I said, “You’re confusing the writer with the first-person narrator, but that’s OK. It’s a common mistake among the unschooled to assume the narrator’s thoughts and feelings are the writer’s.”

‘Phooey! How can you write about somebody’s feelings if you ain’t seein’ through his eyes? And what’s all this got to do with Robin Williams? The guy in that story talks like a failure. Williams weren’t no failure.”

“It’s fiction, you dumb rodent. There are no easy answers in good fiction, just as there are no easy answers in real life. The narrator is a construct, a vehicle that conveys the mystery of human nature. We can only guess why he doesn’t succumb to depression, just as we can only guess why Williams was undone by it.  The narrator is as much a mystery to Johnson as he is to us readers.” 

The rabbit took another drink and said, “Don’t gimme that Roland Barthes-style doubletalk. The writer is the narrator. He knows why his characters do what they do.”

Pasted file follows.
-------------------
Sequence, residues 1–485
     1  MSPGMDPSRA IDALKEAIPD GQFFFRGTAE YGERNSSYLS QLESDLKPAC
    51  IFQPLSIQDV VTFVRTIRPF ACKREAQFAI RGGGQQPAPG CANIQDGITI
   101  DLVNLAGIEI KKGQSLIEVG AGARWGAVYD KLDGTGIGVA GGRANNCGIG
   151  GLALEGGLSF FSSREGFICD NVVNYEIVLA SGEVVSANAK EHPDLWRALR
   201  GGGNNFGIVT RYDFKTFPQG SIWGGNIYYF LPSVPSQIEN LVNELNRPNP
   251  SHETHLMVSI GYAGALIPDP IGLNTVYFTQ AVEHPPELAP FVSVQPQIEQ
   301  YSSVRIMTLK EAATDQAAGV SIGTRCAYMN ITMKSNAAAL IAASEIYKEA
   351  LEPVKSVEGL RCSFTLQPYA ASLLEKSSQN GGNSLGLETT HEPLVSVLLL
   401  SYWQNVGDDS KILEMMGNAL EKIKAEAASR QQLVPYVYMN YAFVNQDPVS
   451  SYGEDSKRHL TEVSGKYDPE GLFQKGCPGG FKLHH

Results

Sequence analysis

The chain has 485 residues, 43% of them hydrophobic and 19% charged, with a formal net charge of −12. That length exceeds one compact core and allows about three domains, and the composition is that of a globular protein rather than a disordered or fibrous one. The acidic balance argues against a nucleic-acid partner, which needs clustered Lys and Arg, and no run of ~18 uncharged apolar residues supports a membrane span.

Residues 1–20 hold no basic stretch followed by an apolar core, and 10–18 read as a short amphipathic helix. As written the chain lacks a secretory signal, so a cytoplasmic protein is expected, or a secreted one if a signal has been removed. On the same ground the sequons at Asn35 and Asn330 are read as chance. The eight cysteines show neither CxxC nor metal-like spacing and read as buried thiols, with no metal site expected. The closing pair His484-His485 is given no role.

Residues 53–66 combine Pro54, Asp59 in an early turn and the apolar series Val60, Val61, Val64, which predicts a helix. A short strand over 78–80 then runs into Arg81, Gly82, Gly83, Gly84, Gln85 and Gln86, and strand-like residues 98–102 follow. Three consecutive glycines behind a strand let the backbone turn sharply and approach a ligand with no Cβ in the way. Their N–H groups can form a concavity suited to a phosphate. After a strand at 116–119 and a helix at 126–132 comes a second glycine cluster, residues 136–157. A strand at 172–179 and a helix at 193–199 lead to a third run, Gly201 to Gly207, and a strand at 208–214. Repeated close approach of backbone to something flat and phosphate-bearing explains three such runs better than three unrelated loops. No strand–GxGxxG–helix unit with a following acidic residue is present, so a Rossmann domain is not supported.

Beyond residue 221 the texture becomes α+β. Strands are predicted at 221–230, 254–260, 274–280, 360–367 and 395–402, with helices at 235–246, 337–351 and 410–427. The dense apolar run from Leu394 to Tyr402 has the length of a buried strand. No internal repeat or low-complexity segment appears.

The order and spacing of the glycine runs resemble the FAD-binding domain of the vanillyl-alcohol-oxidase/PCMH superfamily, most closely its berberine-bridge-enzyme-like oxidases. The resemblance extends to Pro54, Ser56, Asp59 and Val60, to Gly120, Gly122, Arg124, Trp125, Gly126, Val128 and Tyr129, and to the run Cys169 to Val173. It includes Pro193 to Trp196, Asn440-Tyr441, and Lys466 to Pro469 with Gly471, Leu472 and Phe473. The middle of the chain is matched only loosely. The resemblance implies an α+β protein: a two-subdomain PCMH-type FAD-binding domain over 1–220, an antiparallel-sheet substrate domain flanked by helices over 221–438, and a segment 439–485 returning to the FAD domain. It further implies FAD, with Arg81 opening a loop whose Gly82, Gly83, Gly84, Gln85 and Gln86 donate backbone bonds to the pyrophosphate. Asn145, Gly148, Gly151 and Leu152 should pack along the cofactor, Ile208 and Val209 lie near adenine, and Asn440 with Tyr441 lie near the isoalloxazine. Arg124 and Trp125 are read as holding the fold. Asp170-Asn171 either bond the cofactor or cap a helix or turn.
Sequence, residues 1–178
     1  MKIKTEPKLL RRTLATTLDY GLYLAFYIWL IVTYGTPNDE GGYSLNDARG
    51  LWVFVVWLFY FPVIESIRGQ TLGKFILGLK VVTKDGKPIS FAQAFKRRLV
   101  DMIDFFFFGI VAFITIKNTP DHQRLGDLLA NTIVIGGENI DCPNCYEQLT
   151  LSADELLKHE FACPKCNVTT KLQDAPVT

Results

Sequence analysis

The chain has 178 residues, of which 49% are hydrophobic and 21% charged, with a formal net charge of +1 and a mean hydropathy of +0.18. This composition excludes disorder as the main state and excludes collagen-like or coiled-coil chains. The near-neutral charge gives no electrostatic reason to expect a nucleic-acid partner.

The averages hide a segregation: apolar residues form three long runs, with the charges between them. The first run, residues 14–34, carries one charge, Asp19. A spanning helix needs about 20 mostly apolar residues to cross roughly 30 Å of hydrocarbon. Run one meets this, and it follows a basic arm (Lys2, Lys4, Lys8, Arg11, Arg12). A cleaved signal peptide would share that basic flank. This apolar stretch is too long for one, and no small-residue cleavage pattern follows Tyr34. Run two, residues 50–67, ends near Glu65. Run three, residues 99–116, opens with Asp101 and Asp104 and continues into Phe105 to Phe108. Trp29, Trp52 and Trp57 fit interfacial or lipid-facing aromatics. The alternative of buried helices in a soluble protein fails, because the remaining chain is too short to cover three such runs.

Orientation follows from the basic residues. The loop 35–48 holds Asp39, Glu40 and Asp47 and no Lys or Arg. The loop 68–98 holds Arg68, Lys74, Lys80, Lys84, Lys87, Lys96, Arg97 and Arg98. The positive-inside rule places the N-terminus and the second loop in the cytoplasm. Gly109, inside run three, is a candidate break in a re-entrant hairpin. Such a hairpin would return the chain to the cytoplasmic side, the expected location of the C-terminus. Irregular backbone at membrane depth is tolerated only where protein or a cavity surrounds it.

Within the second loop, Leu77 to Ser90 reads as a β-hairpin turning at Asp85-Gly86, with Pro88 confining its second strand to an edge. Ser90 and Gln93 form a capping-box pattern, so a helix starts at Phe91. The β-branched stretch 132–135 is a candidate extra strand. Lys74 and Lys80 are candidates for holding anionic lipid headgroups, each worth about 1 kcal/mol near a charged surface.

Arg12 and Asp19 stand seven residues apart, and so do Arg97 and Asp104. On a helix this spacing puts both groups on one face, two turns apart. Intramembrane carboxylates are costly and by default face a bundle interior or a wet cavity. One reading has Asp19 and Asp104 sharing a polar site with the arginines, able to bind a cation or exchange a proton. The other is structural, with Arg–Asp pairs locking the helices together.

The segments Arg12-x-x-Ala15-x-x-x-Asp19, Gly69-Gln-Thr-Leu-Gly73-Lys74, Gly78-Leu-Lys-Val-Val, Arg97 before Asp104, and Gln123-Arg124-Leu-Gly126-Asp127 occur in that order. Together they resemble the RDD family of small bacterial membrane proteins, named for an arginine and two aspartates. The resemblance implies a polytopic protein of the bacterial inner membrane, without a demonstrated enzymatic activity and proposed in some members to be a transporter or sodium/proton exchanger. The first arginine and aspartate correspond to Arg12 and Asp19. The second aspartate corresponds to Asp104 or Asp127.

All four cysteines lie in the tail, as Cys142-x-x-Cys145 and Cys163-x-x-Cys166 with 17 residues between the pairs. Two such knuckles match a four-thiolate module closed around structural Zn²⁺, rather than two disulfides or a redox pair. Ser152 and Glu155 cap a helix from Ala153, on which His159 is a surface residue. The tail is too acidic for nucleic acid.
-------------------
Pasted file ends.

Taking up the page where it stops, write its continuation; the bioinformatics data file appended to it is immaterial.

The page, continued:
I read Johnson’s entire story to the rabbit and told him my favorite part is where the narrator gets a phone call from his ex-wife Ginny, who is dying and wants to forgive him for being a bad husband. Her voice is weak and distant. He tells her he’s sorry for his various lies and infidelities. He has a panicky moment when he wonders if he had misheard her and is actually speaking to his other ex-wife, Jenny. But then he realizes it doesn’t matter, because “both sets of crimes had been the same.”

“The narrator is learning to accept who he is,” I explained. “A terrific alternative to suicide, but he might feel different tomorrow.”

“Right,” the rabbit said. “I still wouldn’t git in the car with that Johnson fella drivin’.”

Squinting at me, he added, “Or with a driver who likes that de-pressing shit he writes.”

Footnote: The New Yorker is allowing non-subscribers to view its content this summer. Part of an online marketing campaign, I guess… Johnson also wrote the great and greatly influential short story collection Jesus’ Son.